Machine learning enables polymer cloud-point engineering via inverse design

arXiv.org Machine Learning

Inverse design is an outstanding challenge in disordered systems with multiple length scales such as polymers, particularly when designing polymers with desired phase behavior. We demonstrate high-accuracy tuning of poly(2-oxazoline) cloud point via machine learning. With a design space of four repeating units and a range of molecular masses, we achieve an accuracy of 4 {\deg}C root mean squared error (RMSE) in a temperature range of 24-90 {\deg}C, employing gradient boosting with decision trees. The RMSE is >3x better than linear and polynomial regression. We perform inverse design via particle-swarm optimization, predicting and synthesizing 17 polymers with constrained design at 4 target cloud points from 37 to 80 {\deg}C. Our approach challenges the status quo in polymer design with a machine learning algorithm, that is capable of fast and systematic discovery of new polymers.


Dynamic Advisor-Based Ensemble (dynABE): Case Study in Stock Trend Prediction of a Major Critical Metal Producer

arXiv.org Machine Learning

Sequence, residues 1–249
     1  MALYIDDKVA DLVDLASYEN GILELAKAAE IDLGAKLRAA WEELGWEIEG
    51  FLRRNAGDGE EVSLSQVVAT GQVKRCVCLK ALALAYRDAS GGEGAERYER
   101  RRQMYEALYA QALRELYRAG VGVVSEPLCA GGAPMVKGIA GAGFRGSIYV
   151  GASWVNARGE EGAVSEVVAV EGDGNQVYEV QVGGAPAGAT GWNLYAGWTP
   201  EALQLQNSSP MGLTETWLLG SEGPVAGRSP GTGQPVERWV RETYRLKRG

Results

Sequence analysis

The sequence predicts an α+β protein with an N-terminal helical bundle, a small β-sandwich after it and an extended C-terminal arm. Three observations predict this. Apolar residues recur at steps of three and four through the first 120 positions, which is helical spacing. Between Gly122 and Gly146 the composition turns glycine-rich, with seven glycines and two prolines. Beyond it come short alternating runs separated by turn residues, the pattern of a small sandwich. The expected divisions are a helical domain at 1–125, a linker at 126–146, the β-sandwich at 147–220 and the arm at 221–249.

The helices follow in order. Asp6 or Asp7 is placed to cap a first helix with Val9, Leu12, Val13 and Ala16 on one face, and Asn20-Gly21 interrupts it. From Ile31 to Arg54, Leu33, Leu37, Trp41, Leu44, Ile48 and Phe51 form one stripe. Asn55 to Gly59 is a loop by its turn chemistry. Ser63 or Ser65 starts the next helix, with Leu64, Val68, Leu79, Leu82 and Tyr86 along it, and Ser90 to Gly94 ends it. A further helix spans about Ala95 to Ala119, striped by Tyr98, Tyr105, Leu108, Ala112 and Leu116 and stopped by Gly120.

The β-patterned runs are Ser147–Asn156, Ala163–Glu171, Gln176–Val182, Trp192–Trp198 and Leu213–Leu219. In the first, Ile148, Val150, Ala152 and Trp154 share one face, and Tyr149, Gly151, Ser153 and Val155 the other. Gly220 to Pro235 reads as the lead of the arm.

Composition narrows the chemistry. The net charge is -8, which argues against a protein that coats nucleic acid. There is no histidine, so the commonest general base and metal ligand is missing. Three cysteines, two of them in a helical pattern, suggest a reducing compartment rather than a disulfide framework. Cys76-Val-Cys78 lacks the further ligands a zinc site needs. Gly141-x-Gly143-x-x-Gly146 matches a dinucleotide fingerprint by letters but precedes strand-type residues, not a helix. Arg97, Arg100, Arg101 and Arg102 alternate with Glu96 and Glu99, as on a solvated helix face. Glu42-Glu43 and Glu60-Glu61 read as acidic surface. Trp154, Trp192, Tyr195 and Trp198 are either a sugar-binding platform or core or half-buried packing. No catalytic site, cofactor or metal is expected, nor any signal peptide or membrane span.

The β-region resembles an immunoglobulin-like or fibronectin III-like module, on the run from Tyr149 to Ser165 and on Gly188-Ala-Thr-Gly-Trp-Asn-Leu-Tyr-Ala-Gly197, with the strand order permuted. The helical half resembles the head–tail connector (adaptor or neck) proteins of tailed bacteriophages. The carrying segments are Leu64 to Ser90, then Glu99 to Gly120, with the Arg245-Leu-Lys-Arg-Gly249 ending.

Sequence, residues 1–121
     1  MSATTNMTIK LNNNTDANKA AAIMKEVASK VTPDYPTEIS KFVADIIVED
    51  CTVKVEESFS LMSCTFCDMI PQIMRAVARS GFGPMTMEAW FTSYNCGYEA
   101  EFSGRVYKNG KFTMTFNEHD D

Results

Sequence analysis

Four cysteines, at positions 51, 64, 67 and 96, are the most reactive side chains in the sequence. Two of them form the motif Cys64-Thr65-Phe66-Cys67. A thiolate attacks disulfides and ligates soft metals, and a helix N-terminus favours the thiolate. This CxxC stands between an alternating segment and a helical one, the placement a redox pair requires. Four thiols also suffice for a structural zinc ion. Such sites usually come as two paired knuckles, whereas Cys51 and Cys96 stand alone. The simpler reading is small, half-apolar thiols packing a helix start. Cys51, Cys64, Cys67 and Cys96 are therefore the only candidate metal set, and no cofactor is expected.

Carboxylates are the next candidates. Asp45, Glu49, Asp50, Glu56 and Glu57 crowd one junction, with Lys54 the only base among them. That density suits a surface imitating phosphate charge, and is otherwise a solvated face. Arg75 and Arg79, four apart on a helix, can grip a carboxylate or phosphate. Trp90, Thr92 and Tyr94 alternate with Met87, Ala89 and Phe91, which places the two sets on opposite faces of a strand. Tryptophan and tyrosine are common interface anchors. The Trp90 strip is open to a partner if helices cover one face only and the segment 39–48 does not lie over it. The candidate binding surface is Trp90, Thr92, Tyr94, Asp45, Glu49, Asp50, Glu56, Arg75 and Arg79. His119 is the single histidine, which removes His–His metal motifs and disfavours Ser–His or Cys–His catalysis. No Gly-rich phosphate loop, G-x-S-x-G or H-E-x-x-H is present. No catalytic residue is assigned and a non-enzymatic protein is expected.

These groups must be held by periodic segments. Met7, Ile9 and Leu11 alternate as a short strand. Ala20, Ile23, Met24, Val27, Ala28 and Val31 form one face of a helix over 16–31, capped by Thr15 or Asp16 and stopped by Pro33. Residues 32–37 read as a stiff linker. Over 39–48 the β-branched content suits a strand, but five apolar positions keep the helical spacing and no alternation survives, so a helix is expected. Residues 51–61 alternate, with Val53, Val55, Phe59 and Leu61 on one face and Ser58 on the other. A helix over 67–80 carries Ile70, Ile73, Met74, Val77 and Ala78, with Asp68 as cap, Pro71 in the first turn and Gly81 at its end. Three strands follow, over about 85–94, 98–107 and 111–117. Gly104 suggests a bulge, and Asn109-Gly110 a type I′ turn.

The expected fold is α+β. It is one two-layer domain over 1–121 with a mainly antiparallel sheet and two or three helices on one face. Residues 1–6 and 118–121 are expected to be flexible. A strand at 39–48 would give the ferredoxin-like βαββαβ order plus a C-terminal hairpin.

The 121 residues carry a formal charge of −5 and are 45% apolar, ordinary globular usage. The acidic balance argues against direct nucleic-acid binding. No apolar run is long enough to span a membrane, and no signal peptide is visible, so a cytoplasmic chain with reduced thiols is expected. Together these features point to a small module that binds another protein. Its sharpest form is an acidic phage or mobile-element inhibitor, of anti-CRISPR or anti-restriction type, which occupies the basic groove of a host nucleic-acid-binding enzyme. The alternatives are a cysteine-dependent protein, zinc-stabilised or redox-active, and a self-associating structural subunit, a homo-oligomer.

The demand of metals by modern technology has been shifting from common base metals to a variety of minor metals, such as cobalt or indium. The industrial importance and limited geological availability of some minor metals have led to them being considered more "critical," and there is a growing interest in such critical metals and their producing companies. In this research, we create a novel framework, Dynamic Advisor-Based Ensemble (dynABE), to predict the stock trend of major critical metal producers. Specifically, dynABE first utilizes domain knowledge to group the features into different "advisors," each advisor dealing with a particular economic sector. Then through ensembles of weak classifiers, each advisor produces a prediction result, and all the advisors are combined again in a biased online update fashion to dynamically make the final prediction. Based on a misclassification error of 32% for Jinchuan Group's stock (HKG: 2362), we further test a simple stock trading strategy, which leads to a back-tested return of 296%, or an excess return of 130% within one year. In addition, the feature set selected by dynABE also suggests potentially influential factors to metal criticality, because stock prices of major producers influence metal production. Therefore, not only does this research propose a novel framework for specialized stock trend prediction, it also provides domain insights into dynamic features that potentially influence metal criticality.